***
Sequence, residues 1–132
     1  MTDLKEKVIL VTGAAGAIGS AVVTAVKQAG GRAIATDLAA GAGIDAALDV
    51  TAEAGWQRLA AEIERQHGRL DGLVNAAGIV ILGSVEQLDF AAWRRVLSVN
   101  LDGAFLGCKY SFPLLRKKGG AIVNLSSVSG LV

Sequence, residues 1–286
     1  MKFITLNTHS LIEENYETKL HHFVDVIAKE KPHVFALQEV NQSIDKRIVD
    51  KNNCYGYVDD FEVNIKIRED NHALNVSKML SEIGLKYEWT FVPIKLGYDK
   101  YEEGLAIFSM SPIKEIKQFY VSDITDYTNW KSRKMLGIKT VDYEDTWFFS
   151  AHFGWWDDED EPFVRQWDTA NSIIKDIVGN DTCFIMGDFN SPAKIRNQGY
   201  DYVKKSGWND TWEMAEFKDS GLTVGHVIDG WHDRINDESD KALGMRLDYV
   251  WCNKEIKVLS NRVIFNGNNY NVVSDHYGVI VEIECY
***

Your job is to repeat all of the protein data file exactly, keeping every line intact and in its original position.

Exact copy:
Sequence, residues 1–132
     1  MTDLKEKVIL VTGAAGAIGS AVVTAVKQAG GRAIATDLAA GAGIDAALDV
    51  TAEAGWQRLA AEIERQHGRL DGLVNAAGIV ILGSVEQLDF AAWRRVLSVN
   101  LDGAFLGCKY SFPLLRKKGG AIVNLSSVSG LV

Sequence, residues 1–286
     1  MKFITLNTHS LIEENYETKL HHFVDVIAKE KPHVFALQEV NQSIDKRIVD
    51  KNNCYGYVDD FEVNIKIRED NHALNVSKML SEIGLKYEWT FVPIKLGYDK
   101  YEEGLAIFSM SPIKEIKQFY VSDITDYTNW KSRKMLGIKT VDYEDTWFFS
   151  AHFGWWDDED EPFVRQWDTA NSIIKDIVGN DTCFIMGDFN SPAKIRNQGY
   201  DYVKKSGWND TWEMAEFKDS GLTVGHVIDG WHDRINDESD KALGMRLDYV
   251  WCNKEIKVLS NRVIFNGNNY NVVSDHYGVI VEIECY